This article originally appeared on Costar, written by Paul Norman, on Friday 22nd March 2019.
IPSX, the International Property Securities Exchange which is set to pioneer trading in individual real estate assets on the public markets, has begun talks with the UK’s open-ended real estate funds about how the exchange can help reduce their exposure to a run of redemptions such as happened in the wake of the EU referendum vote in 2016.
IPSX, which is backed by a number of leading real estate groups including British Land, Henley Investments and M7 Real Estate, and received FCA recognition in January, has confirmed it is now in discussions with early potential issuers and that the first IPOs may come as early as the end of the second quarter of this year, subject to market conditions as a result of the Brexit discussions.
While the specific assets are yet to be announced IPSX has begun talks with UK Property Authorised Investment Funds (PAIFs) about how the exchange launch may be perfectly timed to help reduce exposure to redemptions.
The structural problem for open-ended real estate funds has always been the illiquid nature of real estate given the timescales of the traditional private market sale process. By offering investors access to real estate via public markets trading IPSX Group Chairman Anthony Gahan says it offers a “deeply relevant” solution.
Gahan said IPSX has been talking to PAIFs about the opportunity.
“There has been sustained interest from the FCA and Bank of England over a long period in open ended funds. As a result they are holding more cash than previously and have been looking at different pricing mechanisms for redemptions. The real problem is that when people decide to redeem in significant numbers it reduces the value for those that stay in the fund if assets have to be sold at a significant discount. The discussions we are having are designed to help eliminate this problem.”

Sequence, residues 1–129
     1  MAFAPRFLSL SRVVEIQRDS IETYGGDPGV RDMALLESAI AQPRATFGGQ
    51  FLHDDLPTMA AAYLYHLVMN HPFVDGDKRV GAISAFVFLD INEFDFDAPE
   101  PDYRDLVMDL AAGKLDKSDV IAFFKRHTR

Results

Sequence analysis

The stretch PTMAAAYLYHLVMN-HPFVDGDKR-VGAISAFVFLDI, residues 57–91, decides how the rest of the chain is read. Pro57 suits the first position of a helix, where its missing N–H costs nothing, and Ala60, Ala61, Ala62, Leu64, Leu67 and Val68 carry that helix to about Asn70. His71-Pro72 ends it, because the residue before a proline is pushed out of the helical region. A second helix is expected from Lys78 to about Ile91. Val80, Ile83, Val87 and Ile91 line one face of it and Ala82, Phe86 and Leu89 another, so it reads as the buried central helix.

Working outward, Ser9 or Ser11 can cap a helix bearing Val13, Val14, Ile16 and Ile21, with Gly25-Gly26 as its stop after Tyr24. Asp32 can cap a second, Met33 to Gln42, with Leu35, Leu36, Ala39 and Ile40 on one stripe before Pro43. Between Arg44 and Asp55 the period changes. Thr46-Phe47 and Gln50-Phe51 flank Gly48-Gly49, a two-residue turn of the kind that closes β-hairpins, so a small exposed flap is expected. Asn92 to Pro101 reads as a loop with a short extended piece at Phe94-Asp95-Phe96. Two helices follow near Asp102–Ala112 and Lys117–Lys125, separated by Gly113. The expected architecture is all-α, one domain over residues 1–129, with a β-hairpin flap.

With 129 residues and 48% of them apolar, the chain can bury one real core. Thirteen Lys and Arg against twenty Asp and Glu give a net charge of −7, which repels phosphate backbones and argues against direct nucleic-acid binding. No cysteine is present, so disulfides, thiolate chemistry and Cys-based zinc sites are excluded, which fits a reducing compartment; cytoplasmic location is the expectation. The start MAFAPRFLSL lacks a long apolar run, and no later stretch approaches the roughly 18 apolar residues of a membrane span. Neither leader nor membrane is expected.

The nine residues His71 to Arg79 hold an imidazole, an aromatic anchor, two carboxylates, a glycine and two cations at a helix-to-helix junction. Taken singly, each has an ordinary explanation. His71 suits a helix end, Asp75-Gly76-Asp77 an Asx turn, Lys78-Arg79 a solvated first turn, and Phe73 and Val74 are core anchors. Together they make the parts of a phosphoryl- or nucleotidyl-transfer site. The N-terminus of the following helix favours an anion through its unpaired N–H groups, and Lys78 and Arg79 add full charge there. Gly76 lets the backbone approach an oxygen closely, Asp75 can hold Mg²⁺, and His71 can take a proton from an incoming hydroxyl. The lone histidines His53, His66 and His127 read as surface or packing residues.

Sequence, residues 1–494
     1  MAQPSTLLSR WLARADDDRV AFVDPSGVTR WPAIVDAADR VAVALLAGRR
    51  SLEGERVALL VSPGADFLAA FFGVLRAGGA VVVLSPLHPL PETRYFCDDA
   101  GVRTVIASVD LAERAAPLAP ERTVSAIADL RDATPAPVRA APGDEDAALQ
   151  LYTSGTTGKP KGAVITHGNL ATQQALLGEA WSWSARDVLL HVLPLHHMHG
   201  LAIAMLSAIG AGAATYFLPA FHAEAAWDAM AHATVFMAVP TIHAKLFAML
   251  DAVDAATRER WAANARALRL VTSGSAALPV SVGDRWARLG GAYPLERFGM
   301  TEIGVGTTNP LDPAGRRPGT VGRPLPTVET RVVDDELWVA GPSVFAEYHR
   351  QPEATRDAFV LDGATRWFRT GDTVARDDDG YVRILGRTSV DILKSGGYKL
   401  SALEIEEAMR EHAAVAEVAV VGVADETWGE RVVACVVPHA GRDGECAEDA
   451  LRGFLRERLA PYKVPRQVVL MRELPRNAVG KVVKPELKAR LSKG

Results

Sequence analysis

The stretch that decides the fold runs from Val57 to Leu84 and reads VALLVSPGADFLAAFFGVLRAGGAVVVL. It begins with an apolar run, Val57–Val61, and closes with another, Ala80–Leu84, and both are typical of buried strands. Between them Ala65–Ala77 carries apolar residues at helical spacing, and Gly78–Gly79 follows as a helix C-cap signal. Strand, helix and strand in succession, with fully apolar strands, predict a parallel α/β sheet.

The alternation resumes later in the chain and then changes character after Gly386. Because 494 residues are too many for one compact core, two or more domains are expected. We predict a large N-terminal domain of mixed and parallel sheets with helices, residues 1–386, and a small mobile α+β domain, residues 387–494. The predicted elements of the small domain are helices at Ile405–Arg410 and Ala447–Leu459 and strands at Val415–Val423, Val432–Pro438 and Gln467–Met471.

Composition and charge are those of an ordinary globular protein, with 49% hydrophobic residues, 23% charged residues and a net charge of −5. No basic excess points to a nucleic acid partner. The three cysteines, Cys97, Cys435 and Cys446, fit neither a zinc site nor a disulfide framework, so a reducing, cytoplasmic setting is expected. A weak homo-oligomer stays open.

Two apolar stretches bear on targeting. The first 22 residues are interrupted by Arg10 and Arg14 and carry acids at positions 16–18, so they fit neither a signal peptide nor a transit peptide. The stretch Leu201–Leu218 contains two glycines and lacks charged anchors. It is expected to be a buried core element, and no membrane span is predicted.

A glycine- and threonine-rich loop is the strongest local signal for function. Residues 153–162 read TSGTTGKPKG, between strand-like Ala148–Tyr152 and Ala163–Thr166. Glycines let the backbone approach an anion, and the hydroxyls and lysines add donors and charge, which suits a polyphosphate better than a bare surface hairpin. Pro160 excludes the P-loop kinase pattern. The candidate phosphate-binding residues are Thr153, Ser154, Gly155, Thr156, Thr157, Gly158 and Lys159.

Gahan says that Property Authorised Investment Funds (PAIFs), the tax efficient, UK regulated property fund vehicles, which provide investors with an open-ended alternative to listed UK REITs and other fund vehicles, can benefit because they are able to invest in REITs which most of IPSX’s issuers would be.
“Imagine a situation where one of the PAIF’s assets was an IPO on IPSX. The PAIF would need to sell down at least 25% generating cash but would retain 75% of the economic interest in the asset still generating the same yield in their portfolio.”
Gahan said going forward the PAIF would then be able to sell down further shares as and when required to cover redemptions.
There is also the ability to prepare assets to be ready to go quickly to IPO as and when required.
There have been gathering suggestions that open ended funds will again look to increase liquidity as the Brexit deadline looms in recent weeks.
The funds have been the focus of Bank of England and FCA scrutiny for some time. The FCA has been sourcing the views of more than 60 firms in recent months to assess the impact of the two major strategies which emerged following the initial Brexit vote: fund suspensions and pricing adjustments to contain asset fire-sales.
Adopting the former strategy, Standard Life Investments, M&G Real Estate and Aviva Investors were first to close their funds after the Brexit vote, followed by Henderson’s UK Property fund, Columbia Threadneedle’s UK Property fund and three Canada Life funds.
Each cited high redemption requests and the need to protect remaining investors’ interests and uncertainty around the pricing of commercial property assets. Many of the big UK open-ended funds reported unsolicited approaches from opportunistic funds and hedge funds trying to capitalise on the market stress to buy otherwise stabilised properties at a discount.
In contrast, Aberdeen Asset Managers, Legal & General Property, BGO Global Asset Management and Kames Capital opted for the second strategy - to dissuade redemptions through valuation write-downs. They respectively imposed fund price write-downs of 17, 15, 11 and 10%, respectively.
Within two weeks of the Brexit vote, open-ended funds managing more than £21bn in UK commercial real estate assets, or more than 1,000 individual properties, were closed to redemptions or heavily guarded, squeezing liquidity.